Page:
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Android Application Security Testing

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As of September 2017, the Google Play store holds 3.3 million applications.  In May 2017 Google announced that there are over 2 billion monthly active Android devices. These devices are a gateway to our entire lives- our contacts, communications, entertainment and finances. Every application installed on a mobile device is placed into an ecosystem where all of this information is stored and constantly exchanged and accessed by the user and other parties. And just like every other piece of software written by humans, Android applications contain vulnerabilities. These vulnerabilities can be exploited by attackers, placing users and publishers of applications at risk.

What we will do:The workshop will be a combination of lectures, demos and hands on exercises, during which you will be given access to virtualized Android devices with pre- installed applications designed to showcase specific vulnerabilities.

  • We will conduct assessments on the applications, the devices and on
  • network traffic to discover the vulnerabilities present in the apps
  • We will assess the threats posed by the vulnerabilities
  • Since no security assessment is complete without writing a Proof-of-Concept attack, we will exploit every vulnerability that we find during our assess-ments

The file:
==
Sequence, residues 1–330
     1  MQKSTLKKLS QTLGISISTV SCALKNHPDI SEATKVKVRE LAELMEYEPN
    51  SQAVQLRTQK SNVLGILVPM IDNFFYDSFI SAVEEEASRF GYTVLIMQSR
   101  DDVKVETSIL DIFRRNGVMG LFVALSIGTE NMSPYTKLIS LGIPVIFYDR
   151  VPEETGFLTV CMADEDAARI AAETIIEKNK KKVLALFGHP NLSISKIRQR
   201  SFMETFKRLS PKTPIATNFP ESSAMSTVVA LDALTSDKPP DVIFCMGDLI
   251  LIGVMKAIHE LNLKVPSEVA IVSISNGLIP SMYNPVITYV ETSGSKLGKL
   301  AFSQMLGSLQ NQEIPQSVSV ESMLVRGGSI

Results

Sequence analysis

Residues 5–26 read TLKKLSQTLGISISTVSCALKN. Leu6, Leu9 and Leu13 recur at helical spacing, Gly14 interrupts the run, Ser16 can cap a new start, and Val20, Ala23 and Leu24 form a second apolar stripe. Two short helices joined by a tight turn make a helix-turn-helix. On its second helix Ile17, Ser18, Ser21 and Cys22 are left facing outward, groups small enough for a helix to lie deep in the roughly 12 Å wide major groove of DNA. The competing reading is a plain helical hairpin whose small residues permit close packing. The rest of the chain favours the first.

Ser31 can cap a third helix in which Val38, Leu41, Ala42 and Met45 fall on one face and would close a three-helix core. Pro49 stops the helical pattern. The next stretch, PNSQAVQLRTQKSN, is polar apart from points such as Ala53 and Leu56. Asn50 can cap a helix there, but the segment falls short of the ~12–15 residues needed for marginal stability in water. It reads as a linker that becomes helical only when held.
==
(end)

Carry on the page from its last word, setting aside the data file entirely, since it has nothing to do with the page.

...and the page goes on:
We will use the following techniques to conduct our assessments:

  • De-assembling applications into human readable dalvik opcodes(smali)
  • Generating Java-like code from Android apk files
  • Reverse engineering application logic, modifying and re-compiling Android applications
  • Modifying Android application logic during run-time
  • Analyzing, intercepting and modifying Android application network traffic


Key takeaways:

After completing the workshop you will have a basic understanding of how to conduct an Android application assessment. The outcome will be a healthy paranoia, which will make you think twice before installing any application from the Play Store in the future. At the very least, you will become conscious of permissions requested by Android applications and how dangerous they may be.


This will be a technical, hands-on workshop, which means, that participants are required to bring their own laptop. Previous programming and command line experience may make your overall experience smoother, but all concepts, techniques and tools will be explained from A to Z. In conclusion - all you really need is a laptop and motivation!